The ending was a good set up for an upcoming book but I felt it walked away from a lot of what the plot was set up to do. I'd been following a hunt for a killer and when the hunt was over the outcome left me wondering what all the look-how-awful-this-killer-is build-up was for.
Even so, I was impressed with the originality of the ideas and the pacing of the execution.
This made me laugh and it took a turn that I really didn't see coming.
It's a fast, light read filled with fast, light violence and sex and sprinkled with slightly indignant humour.
The ending was a bit - whoops-running-out-of-space-let's-skip-to-an-epilogue for my tastes but the story was a smile and the world was original so it was worth the read.
I'd wondered why there was no editorial credit for this collection. The inclusion of "Mona Lisa Betwining" suggests to me that the ommission was driven by sheer embarrassment.
It's a short story that I lacked the stamina to make it to the end of.
First, there was this set of sentences which read like a rough first-draft yet are offered as the finished product:
"He was handsome, strikingly so. Like a Greek god of old. And he was more than just a pretty face. He was my new master of arms."
A little later I dragged my mind through the following sentences and realised that this prose was too awful to live with.
"I moved toward the door but he did not step away, allow me to pass. I stopped a mere foot away and looked askance at him."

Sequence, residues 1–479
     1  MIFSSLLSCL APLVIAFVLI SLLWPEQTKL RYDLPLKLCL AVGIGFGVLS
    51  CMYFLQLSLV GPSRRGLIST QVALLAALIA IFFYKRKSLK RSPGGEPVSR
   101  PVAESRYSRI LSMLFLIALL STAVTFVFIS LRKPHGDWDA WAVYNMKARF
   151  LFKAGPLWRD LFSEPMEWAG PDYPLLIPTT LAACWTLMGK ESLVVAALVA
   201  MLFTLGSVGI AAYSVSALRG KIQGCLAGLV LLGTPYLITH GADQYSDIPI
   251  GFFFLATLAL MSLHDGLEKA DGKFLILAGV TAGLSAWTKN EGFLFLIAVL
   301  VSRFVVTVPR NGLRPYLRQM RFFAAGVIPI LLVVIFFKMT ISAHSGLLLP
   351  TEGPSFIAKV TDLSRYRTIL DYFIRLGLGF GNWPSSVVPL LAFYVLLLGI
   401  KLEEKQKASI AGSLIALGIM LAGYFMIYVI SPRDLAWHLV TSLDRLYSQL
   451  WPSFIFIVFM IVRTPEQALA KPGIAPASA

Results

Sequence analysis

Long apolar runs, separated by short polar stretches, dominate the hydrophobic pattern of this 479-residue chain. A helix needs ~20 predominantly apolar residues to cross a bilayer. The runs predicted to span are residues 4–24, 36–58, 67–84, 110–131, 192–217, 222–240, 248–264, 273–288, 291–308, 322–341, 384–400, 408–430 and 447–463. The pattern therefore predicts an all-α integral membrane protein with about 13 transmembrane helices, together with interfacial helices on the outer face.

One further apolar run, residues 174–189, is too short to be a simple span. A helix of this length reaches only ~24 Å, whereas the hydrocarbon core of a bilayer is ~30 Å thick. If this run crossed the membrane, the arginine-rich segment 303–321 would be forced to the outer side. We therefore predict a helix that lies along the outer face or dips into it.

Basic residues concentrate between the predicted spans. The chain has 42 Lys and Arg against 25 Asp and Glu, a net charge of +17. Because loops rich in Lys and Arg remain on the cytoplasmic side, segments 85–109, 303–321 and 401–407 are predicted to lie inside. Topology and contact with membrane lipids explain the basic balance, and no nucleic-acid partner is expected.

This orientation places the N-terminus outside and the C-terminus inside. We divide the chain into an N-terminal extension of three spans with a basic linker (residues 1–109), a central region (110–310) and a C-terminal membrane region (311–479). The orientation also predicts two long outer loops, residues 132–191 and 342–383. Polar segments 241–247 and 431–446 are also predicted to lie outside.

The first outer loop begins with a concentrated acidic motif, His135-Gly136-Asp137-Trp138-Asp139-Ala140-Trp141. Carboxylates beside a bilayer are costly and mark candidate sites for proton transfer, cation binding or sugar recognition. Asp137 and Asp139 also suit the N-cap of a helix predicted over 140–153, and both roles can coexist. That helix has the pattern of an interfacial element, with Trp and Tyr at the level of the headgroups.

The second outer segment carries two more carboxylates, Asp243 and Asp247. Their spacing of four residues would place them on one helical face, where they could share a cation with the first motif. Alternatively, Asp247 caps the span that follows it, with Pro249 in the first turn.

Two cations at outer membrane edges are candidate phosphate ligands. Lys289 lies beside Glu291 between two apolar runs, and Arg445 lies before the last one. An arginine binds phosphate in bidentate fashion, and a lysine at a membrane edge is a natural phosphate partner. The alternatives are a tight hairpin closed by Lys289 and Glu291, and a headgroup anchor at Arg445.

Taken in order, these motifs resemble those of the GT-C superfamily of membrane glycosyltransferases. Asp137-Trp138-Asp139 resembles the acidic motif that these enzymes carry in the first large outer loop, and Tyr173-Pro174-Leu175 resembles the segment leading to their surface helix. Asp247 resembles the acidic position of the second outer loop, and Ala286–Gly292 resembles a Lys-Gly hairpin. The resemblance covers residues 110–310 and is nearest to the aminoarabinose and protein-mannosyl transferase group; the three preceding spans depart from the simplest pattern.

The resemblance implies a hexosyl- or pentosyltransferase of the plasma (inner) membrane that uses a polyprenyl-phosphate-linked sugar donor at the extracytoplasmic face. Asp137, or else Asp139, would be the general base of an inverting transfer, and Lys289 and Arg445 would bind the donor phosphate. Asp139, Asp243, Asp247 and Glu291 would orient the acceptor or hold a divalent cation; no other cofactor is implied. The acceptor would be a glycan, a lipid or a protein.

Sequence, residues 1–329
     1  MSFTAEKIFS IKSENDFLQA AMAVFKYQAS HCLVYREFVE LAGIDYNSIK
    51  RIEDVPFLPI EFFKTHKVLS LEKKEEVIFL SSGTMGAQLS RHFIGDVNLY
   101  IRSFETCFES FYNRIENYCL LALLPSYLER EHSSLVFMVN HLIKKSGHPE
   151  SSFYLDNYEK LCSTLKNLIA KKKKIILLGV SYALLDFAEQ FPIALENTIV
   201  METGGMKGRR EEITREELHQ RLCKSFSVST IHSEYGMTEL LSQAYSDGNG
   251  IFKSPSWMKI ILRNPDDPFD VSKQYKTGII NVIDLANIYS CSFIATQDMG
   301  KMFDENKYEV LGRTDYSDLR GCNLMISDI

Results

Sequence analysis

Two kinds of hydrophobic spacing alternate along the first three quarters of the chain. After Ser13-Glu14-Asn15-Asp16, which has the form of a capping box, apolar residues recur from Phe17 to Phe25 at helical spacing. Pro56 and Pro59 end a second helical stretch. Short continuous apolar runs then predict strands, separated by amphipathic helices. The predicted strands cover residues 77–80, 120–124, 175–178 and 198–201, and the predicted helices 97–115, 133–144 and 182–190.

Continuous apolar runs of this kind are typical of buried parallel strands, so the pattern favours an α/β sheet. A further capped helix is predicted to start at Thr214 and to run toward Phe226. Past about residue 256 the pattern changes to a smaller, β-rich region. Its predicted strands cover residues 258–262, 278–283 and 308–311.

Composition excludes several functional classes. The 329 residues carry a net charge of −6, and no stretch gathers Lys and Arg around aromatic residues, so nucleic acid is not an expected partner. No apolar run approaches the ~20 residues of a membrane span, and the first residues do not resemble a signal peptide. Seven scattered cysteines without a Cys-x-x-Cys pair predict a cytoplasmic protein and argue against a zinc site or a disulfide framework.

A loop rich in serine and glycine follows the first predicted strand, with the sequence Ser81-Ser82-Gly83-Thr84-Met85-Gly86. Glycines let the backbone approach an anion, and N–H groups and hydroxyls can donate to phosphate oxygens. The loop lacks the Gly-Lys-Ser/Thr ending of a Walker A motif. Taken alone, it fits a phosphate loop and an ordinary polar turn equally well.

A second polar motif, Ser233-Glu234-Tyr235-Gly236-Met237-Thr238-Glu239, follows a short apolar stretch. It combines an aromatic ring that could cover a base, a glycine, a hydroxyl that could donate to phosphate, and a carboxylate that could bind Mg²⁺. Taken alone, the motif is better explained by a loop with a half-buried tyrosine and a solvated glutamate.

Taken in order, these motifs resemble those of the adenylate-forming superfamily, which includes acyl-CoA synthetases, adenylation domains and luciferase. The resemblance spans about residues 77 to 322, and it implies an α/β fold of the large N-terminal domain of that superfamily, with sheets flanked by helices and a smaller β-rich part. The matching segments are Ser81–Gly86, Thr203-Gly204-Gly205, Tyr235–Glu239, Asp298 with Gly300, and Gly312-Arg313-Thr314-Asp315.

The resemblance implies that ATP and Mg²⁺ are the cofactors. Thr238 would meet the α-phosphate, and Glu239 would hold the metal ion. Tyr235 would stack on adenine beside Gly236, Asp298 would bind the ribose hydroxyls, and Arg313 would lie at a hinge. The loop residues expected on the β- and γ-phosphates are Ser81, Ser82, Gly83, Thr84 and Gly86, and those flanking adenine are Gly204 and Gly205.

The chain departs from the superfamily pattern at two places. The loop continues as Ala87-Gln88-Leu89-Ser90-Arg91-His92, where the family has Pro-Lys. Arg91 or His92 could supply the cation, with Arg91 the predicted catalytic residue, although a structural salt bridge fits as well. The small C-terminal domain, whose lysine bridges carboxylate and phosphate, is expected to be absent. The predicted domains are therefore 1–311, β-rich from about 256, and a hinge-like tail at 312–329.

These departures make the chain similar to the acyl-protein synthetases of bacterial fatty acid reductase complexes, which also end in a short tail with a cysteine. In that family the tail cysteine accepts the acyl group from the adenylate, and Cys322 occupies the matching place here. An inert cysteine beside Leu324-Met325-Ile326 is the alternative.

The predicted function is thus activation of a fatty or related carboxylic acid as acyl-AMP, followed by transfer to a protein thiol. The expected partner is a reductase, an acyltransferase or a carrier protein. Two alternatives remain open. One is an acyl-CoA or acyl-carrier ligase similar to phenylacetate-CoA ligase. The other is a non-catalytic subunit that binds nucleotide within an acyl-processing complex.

We all have that exasperated moment!
There are times when you almost tell the harmless old lady next door what you really think of her face - that it ought to be on a night nurse in a house for the blind; when you'd like to ask the man you've been waiting ten minutes for if he isn't all overheated from racing the postman down the block; when you nearly say to the waiter that if they deducted a cent from the bill for every degree the soup was below tepid the hotel would owe you half a dollar; when - and this is the infallible earmark of true exasperation - a smile affects you as an oil baron's undershirt affects a cow's husband.
(from The Smilers)
I may have to face it - I may have grown out of that phase when Fitzgerald's short stories were delightful, quaint, diversions. I still count some of them as my favourites, but more often than not reading his stories has become somewhat repetitive - telling fairly superficial stories about fairly superficial people, most of whom seem to be Princeton men, or Harvard men, or Yale men, or someone closely connected with them. Like the characters in Wodehouse's stories, they never develop, never amount to anything more real than a cliche.
Unfortunately, many of Fitzgerald's short stories seem to feature them. Even more unfortunate was it that most of the stories in this particular collection featured them.
Still, there are the odd gems. In this collection, The Smilers stood out for me. I liked it just as much as The Ice Palace, Bernice Bob's her Hair, The Camel's Back, or May Day, but sadly it was the first story in the collection and the rest of the stories did quite manage to live up to the quality of that first story.